Lt. Gov. Delbert Hosemann, who is in charge of the Senate, may have similar reservations. He has not spoken favorably of the House plan to raise the sales tax, and he said no senator has urged him to push for the legislation. Gov. Tate Reeves, who wants to eliminate the income tax without raising other taxes, also presumably would be opposed to what the House wants to do.
So let’s have the debate. If it lasts into next year, so be it. This is important. All sides deserve to be heard, and the numbers need to be carefully studied. Among the obvious questions: How would a higher sales tax, coupled with a lower grocery tax, affect people at the lower end of the economic ladder? Is it really better to fund government based on consumption rather than on income? And is the sweeping change worth 3/10ths of 1% growth?
The Greenwood Commonwealth on Medicaid expansion:
One of the main complaints of Republicans opposed to the $1.9 trillion COVID-19 stimulus plan heading toward enactment is that about half of the spending has little to do with the deadly virus.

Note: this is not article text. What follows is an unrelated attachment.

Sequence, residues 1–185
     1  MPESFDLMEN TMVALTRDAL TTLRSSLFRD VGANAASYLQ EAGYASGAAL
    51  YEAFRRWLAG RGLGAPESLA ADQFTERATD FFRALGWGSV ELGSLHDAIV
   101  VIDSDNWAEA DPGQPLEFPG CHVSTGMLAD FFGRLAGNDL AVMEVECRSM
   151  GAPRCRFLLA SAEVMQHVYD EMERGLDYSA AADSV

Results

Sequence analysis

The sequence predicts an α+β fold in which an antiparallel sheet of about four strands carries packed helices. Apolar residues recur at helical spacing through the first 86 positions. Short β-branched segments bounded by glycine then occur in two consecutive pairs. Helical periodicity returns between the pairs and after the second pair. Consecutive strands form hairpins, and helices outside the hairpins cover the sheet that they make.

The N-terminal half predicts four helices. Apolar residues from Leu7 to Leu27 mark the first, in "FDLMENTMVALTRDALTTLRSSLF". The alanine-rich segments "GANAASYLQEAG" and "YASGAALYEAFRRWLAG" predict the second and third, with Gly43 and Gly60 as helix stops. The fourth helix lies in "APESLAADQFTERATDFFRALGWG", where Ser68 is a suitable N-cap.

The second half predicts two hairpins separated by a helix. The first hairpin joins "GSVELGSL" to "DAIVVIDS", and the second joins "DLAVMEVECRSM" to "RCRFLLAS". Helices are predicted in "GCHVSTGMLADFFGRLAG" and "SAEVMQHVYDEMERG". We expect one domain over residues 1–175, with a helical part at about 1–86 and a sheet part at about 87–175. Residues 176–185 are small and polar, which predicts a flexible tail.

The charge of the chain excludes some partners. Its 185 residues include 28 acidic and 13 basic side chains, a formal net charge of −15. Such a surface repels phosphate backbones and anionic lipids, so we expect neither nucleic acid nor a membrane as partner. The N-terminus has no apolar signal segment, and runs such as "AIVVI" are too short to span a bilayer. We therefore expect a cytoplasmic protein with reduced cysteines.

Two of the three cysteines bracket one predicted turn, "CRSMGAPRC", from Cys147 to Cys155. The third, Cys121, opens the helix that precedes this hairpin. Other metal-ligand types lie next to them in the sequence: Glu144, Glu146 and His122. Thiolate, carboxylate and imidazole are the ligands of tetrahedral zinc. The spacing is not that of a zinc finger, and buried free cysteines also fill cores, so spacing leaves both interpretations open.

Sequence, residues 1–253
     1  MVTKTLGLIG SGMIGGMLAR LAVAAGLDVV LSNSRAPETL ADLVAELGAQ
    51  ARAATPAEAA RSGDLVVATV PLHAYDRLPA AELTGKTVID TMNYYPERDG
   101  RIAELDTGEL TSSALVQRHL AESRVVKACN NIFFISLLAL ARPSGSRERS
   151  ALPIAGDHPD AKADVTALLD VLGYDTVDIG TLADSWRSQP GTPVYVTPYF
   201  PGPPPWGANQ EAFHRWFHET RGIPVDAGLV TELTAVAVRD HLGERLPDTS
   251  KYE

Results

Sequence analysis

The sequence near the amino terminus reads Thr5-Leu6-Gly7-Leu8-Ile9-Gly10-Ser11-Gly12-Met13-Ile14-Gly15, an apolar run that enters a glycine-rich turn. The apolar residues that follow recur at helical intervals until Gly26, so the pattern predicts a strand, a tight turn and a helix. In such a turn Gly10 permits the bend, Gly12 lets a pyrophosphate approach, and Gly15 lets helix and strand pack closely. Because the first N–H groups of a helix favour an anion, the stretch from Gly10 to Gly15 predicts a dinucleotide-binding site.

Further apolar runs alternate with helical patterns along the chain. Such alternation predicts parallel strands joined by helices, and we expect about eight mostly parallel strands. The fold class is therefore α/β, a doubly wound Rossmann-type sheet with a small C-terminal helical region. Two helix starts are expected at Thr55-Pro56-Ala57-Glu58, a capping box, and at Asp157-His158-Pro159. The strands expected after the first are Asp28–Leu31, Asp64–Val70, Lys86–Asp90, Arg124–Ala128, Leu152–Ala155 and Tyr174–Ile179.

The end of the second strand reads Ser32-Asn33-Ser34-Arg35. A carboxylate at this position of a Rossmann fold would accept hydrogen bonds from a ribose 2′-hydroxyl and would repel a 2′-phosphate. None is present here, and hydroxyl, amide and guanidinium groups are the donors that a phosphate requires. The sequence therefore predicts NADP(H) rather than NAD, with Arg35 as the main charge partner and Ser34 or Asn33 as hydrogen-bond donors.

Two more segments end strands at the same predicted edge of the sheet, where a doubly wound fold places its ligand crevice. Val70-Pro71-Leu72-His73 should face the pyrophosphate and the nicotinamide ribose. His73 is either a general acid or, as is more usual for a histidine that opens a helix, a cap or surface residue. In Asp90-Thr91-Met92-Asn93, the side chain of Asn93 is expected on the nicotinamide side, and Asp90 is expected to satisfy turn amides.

In that basket of excess they would put the extra incentive President Joe Biden and his fellow Democrats have fashioned to entice Mississippi and the other 11 holdout states to expand Medicaid to the working poor.
Although it’s a legitimate criticism of what is about to be the third major stimulus bill passed by Congress during the pandemic, Mississippi would be insane to not take advantage of the coming offer and do what it should have done a decade ago.
The latest deal would be even better for this state than the exceedingly generous original one.
Back then, the federal government said it would pay 100% of the benefit costs for the first three years of the expansion, gradually scaling back to 90%, which is where it is now for the participating states. For Mississippi, that 10% difference would have equated to somewhere around $100 million a year.
The new deal would stick to the 90% federal match on the new tier of enrollees, but the state would get an extra 5% bump for two years on the federal cost share for traditional Medicaid. Mississippi already gets the most generous match in the country for traditional Medicaid, and this add-on would put it at around 90% as well. State Sen. Hob Bryan, the Democratic chair of the Public Health Committee and a proponent of Medicaid expansion, says the 5% bump would translate into about $300 million a year.